By Robert Wallace
According to Politico, President Obama has already sketched out his objective for 2010s State of the Union Address. And – get this – the main objective? Cut the federal deficit.
(I’ll wait for the laughter to die down.)
According to the article:
The president’s plan, which the officials said was under discussion before this month’s Democratic election setbacks, represents both a practical and a political calculation by this White House.
I’m sure it was “under discussion” before the 2009 election results rolled in. Between the narrow survival of a toothless cap-and-trade bill, the health care reform effort on life support, and the growing public skepticism about the make-believe “created or saved” jobs there was plenty to discuss. And I’m pretty sure the discussion came to an end when the election results came in.
On the practical side, Obama has spent more money on new programs in nine months than Bill Clinton did in eight years, pushing the annual deficit to $1.4 trillion. This leaves little room for big spending initiatives.
On the political side, Obama can help moderate Democrats avoid some tough votes in an election year and, perhaps more importantly, calm the nerves of independent voters who are voicing big concerns with the big spending and deficits
That’s all pretty obvious stuff. The questions I have are whether Obama has any intention to actually cut spending and how this will play out in the GOP. You might wonder why I even have any question about Obama’s sincerity. The reason is that there’s recent precedent. Bill Clinton moved hard to the right to survive after the Republican swept into power in 1994. You know that that date has got to be on the minds of every Democrat politician in the nation. And one simple way to forestall a repeat of 1994 would be to preemptively move a little bit to the right now rather than having to move more to the left later. So it’s possible.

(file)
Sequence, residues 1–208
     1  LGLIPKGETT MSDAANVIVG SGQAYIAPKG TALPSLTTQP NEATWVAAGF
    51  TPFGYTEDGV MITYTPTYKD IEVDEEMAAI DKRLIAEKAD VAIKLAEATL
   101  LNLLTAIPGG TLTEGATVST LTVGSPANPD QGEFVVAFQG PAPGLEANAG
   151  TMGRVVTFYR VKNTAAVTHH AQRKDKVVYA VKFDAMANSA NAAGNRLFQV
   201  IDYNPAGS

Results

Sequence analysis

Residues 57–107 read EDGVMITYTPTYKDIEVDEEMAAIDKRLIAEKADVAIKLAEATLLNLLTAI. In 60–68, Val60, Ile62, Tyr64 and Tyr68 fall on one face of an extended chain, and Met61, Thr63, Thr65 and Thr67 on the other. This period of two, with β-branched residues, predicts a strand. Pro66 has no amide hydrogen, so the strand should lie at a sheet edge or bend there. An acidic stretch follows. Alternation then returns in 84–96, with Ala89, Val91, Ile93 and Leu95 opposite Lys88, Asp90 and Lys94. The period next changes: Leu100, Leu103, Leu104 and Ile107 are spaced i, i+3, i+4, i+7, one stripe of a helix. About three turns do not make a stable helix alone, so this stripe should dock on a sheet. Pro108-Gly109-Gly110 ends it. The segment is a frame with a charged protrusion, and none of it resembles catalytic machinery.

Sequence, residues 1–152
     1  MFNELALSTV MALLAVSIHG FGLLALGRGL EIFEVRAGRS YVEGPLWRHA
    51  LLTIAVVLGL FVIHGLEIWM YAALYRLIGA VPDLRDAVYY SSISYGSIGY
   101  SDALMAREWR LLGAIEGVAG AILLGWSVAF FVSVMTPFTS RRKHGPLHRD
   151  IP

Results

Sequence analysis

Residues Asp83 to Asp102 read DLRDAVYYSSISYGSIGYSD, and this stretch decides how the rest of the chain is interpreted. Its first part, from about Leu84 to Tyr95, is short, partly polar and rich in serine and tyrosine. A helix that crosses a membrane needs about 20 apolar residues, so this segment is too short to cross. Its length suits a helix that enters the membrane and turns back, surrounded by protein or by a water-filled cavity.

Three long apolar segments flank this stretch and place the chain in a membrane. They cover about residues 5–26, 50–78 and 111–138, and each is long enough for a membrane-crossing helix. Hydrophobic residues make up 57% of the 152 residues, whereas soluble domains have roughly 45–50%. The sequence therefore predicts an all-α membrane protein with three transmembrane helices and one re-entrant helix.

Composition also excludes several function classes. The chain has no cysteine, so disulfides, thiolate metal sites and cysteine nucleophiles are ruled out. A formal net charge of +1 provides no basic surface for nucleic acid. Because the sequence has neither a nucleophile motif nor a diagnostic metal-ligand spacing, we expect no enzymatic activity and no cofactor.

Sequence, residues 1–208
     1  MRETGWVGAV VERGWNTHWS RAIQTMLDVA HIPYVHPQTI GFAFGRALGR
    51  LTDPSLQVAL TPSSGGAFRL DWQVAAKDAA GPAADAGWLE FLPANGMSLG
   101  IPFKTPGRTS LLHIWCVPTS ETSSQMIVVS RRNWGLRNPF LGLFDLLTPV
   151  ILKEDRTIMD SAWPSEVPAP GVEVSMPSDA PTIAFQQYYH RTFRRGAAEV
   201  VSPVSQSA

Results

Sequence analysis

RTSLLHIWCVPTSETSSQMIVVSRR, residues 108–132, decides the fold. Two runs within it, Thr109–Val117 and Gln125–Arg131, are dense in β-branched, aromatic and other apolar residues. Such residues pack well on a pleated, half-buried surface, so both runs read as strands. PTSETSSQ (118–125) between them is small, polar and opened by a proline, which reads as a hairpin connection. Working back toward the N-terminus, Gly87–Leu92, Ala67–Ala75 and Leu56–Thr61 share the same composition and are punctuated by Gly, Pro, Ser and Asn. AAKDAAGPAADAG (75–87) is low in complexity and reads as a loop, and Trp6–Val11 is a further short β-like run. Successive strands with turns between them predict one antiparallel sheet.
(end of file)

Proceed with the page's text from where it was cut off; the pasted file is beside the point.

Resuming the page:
But not likely.
For all the talk about cutting spending the White House has not talked about cutting the cap-and-trade legislation nor are they expressing a willingness to make cuts to entitlements or to defense spending. Most likely the Obama administration is scrambling to find symbolic cuts and accounting tricks to inflate them so that a token sacrifice can be laid on the altar of fiscal responsibility to avert disaster in 2010.
In a way that’s a relief. Token gestures are almost certain to do nothing but anger the independents that Obama once wooed so successfully. He still has the right rhetoric:
A lot of independents, Democrats and Republicans — all are concerned about is what are we going to do about this long-term debt. We’ve got to show people that we are responsible stewards for their taxpayer dollars and that we’re taking some serious steps to at least lay the foundation — the pathway — for bringing those deficits down over the next several years.
The problem is that you can’t promise people that you’re going to increase spending and cut spending at the same time. That would be a stretch, even for the man who pulled off the Great Con of 2008.
Robert Wallace is classical liberal studying economics in graduate school. He and his wife work as business analysis consultants, and they live as undercover conservatives with their two small children in a socialist bastion of a college town. He has been writing for America’s Right since December 2008.